Carbon Policy

Think Global, Act Local: Forward-looking cities lead the way toward a zero-carbon future
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Architectural Record
By Katharine Logan; Joann Gonchar, FAIA; Mira Locher, FAIA

New York

Advocates of New York’s Local Law 97 refer to it as the most ambitious climate legislation for buildings enacted by any city in the world. The claim might sound like hyperbole, but John Mandyck, CEO of the Urban Green Council, a nonprofit that helped shape the regulation, points to its scope and scale. It applies to 50,000 existing buildings—any that are 25,000 square feet or larger. These structures amount to 60 percent of the city’s floor area and are responsible for 40 percent of total greenhouse-gas emissions. By 2030, the law is expected to reduce emissions from large buildings by at least 40 percent compared to a 2005 baseline, which means cutting 5.3 million metric tons of carbon dioxide from current levels, the equivalent of San Francisco’s citywide emissions.

The most consequential piece in a package of bills known as the Climate Mobilization Act, the law was passed by the City Council in April last year. It sets increasingly stringent limits for the amount of CO2 facilities can emit based on building type. The first set of regulations go into effect in 2024, targeting the most carbon-intensive 20 percent of buildings, while the 2030 limits target the most carbon-intensive 75 percent. (Subsequent limits will be set by the Department of Buildings to achieve an 80 percent reduction in emissions citywide by 2050.) These thresholds are not aspirational but statutory, points out Mandyck: owners who fail to meet the limits face steep fines.


PHOTOGRAPHY: © ED CARUSO (TOP), COURTESY ZH ARCHITECTS (BOTTOM)

A five-story condo building in Brooklyn (top) and a 55-unit rental apartment tower in Manhattan (bottom), both recently completed and designed by ZH Architects, deploy such features as highly insulated and airtight facades, triple-glazed windows, and minimized thermal bridges. Both are expected to meet Local Law 97’s anticipated emissions limits for 2050.

How can owners bring underperforming buildings into compliance? They can put new operating strategies in place, implement energy-saving retrofits, or buy green power. Work can be financed through a special low-interest loan program. Some building types—income-restricted housing or places of worship—can opt instead to complete a prescribed set of low-cost energy-saving measures, including insulating pipes, installing boiler sensors and controls, and fixing heating-system leaks.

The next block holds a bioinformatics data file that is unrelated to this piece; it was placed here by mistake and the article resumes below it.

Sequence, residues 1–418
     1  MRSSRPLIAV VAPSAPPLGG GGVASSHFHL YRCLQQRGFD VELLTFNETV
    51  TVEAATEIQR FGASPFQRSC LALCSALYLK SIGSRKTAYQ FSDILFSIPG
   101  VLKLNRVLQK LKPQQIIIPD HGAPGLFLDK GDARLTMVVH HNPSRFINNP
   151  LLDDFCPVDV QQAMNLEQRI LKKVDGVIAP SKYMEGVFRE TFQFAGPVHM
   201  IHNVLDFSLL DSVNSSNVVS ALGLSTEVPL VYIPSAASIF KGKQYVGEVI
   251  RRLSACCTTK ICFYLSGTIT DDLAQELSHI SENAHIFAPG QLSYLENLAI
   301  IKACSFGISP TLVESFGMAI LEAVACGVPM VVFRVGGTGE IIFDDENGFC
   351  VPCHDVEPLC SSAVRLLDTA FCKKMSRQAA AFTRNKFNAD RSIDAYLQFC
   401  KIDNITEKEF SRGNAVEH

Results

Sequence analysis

Although the measure is aimed at upgrading existing structures, a year after a new building is completed, it is subject to the law’s stringent reporting requirements and emissions limits. Some proponents maintain Local Law 97 isn’t strict enough for new construction or projects that involve significant renovation or expansion. “New buildings should have different requirements,” says Stas Zakrzewski, principal of ZH Architects, who sits on an advisory board helping guide the law’s implementation. He points to two of his firm’s recent projects: a five-story condo building in Brooklyn that incorporates a three-story existing structure and an all-new 55-unit rental residential tower in Manhattan. The smaller building, at only 7,000 square feet, is not subject to Local Law 97. Nevertheless, it is expected to meet the anticipated 2050 emissions limits for residential construction—offering an example that other projects could emulate, with its highly insulated, airtight building envelope, triple-glazed windows, and minimized thermal bridges. Many of these strategies have been deployed on the tower, which has projected emissions far below the 2050 limits.

Some advocates of the law worry that it does not deal well with carbon-intensive uses, including those of trading floors and data centers. “This is a legitimate concern,” says Mandyck. “The carbon metric is straightforward, but it is a blunt instrument.” He suggests that a cap-and-trade scheme like Tokyo’s (see page 126) could be a remedy; his organization is involved in developing the carbon-trading implementation plan that the law requires. It would allow a building with justified high-energy uses to buy credits from another building with emissions below its target.

It is too early to know how many out-of-compliance owners will perform retrofits, buy offsets, or simply pay the fine, notes Richard Yancey, executive director of the nonprofit Building Energy Exchange. But he is optimistic about the language of Local Law 97, which includes placeholders for programs like carbon trading and allows for other future adjustments in order to meet its reduction targets. It’s “critically important” to get these modifications right, says Yancey: “Cities all over the world are looking to New York.” Joann Gonchar, FAIA

 

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Originally published in Architectural Record

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